The next day, I woke up before The Student and Pascale, and was thus treated to one of those incredibly awkward times in life that either drive one to reflect upon their own life, or hate others.
You probably know the horror that arrives when you wake up before anyone else in someone else's house. You’re sitting there on the couch, staring up at the ceiling, wondering why you woke up at six in the morning, since you’ve never done that before, and there’s no reason on God’s green Earth that you should be doing that now. You're wondering when your hosts are going to wake up, and wondering if their floor is one of those that’s overly sensitive and will creak at a decibel level equal to that of a Mastodon concert. To make matters worse: you really, really have to piss and you didn’t think to ask where the bathroom was the night before—because you were drinking with your hosts and didn’t want to break the seal or seem like a weirdo.
This was all my fault. I claimed the bunk and it was far from silent. Every time I turned, it would creak and squeak. Getting down sounded like a symphony of car wrecks, which would surely wake up The Student, who was snoring like a chainsaw down on the floor, if not Pascale, who was also snoring away on her mattress. And so, I lay there, looking at the ceiling, concentrating on dry, dry deserts and not roaring rivers when, suddenly, The Student bolted upright with a cry of “Fuck no!” bolted out of his sleeping bag, and ran out the door, down the hall to the toilet, and proceeded to make his own cacaphonous symphony of puking.
Pascale groaned and so did I. I didn’t want to spend my time pissing in someone’s puke. There’s something fundamentally dirty about that, something that seems like it deserves a section in Leviticus. “Thou shalt not relieve thineself in someone’s vomit.”
After a while, when everyone had cleaned themselves up and was properly caffeinated, Pascale broke the news that we’d be going to Calais with someone named Andy.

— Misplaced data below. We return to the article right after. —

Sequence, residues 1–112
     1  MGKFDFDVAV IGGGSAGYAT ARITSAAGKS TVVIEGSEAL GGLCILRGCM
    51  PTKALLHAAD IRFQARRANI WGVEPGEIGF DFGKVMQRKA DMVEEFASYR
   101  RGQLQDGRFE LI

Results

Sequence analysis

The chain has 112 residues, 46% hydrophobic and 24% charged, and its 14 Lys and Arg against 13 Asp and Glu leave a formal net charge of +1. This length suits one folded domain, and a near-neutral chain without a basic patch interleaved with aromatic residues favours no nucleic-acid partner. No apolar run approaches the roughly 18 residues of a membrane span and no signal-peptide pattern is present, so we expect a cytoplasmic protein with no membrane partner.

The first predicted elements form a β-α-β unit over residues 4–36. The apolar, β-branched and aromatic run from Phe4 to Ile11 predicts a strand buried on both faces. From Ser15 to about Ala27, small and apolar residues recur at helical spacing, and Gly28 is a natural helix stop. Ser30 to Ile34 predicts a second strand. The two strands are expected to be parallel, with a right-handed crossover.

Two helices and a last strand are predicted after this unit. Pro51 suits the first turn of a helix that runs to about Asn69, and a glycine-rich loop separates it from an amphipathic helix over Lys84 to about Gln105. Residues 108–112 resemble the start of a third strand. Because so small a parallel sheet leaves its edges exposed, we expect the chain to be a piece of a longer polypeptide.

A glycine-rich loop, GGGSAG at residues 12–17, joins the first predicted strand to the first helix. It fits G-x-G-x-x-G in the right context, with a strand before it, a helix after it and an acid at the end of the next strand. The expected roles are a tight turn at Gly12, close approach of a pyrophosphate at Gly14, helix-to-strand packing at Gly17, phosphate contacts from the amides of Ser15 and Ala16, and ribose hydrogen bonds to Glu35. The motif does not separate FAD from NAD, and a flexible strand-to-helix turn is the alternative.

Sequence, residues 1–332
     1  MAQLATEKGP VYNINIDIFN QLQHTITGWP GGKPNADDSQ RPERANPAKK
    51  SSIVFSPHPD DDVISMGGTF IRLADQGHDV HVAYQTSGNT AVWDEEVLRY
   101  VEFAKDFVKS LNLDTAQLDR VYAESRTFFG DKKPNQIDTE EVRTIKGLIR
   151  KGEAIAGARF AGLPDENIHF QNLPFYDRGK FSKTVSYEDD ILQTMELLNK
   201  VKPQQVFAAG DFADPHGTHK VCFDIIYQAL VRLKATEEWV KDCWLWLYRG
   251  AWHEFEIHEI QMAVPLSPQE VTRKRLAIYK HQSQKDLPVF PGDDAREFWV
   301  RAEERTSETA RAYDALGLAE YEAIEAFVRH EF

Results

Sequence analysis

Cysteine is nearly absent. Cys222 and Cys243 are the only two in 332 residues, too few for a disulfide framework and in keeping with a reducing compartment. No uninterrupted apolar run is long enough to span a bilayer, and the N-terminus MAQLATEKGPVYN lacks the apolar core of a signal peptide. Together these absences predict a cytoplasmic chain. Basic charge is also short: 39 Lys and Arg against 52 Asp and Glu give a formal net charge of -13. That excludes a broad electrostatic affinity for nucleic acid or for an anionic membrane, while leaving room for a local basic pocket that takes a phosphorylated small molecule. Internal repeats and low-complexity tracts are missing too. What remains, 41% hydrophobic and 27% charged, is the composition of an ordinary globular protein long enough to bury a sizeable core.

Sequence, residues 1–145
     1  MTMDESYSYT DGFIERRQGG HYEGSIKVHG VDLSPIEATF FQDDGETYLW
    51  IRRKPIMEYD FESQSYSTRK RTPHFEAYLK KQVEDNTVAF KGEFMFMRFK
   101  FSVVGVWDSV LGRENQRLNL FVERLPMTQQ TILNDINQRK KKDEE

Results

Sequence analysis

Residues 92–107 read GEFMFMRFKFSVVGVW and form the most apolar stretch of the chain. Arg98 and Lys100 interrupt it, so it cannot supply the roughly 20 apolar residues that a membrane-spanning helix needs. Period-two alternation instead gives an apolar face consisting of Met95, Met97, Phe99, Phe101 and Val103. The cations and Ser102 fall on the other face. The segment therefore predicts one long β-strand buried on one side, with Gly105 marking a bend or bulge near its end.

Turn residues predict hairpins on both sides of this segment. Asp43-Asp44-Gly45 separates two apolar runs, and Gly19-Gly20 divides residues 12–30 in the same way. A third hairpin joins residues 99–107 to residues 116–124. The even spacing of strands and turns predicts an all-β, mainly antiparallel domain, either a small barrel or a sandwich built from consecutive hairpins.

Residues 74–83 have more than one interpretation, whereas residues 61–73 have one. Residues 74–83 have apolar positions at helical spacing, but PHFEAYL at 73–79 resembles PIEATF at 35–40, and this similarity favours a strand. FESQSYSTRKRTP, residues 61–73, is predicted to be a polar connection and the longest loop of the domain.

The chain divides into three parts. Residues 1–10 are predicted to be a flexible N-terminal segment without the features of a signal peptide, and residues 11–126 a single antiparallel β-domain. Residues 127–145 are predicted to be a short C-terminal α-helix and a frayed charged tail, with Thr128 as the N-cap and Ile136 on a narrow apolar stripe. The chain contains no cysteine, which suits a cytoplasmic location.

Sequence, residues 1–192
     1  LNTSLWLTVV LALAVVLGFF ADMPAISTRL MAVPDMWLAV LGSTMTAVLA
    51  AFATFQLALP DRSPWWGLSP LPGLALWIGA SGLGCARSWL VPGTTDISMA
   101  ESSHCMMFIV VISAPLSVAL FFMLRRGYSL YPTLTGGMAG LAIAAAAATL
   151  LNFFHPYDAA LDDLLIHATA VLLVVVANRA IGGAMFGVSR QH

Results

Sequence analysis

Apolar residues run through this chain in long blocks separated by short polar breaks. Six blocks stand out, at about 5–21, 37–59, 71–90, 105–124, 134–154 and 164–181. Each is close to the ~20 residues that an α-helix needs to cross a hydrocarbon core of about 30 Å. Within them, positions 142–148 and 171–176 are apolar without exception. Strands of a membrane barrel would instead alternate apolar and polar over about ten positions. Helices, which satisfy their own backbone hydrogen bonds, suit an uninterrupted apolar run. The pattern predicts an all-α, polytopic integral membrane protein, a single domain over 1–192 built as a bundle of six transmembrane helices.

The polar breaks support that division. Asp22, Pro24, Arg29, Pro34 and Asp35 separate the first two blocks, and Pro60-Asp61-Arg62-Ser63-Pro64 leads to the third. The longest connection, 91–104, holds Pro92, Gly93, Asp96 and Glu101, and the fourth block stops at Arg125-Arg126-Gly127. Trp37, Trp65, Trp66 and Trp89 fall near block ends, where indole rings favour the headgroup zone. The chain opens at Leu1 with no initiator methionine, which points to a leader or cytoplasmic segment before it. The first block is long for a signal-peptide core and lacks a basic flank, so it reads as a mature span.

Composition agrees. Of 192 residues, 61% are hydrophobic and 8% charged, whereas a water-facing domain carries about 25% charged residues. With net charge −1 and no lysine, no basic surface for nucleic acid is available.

I’d apparently met the guy the night before, but hadn’t remembered. I shrugged and said, “Whatever.” The Student, however, was pretty excited. Andy was one of the people he’d known from a couple of years ago, and got along with pretty well—I don’t think he’d gotten on anyone’s bad side except for a German guy who had engaged in some alpha struggle with The Student. He was vague about the details, which told me that there was a girl involved.
At any rate, I was up for it, since I needed a break from wandering around Lille and stumbling across cathedrals and horse butcheries.
So we waited around for Andy and his friend for an hour, and when they arrived, there was much rejoicing. Any was a tall guy with dark skin, curly hair, and--not to seem, ah, well, like myself--a Heeb nose. His friend was taller, but otherwise looked pretty similar, except he was wearing a hat. The rejoicing was followed by discussion about what, exactly, to bring on our excursion. Eventually, it was decided that, fuck it, we’d get coffee and food there. So we piled into Andy’s car, drove, and, several minutes later on the highway, hit traffic and sat idling for a couple of hours until driving off into a series of other roads leading to Calais.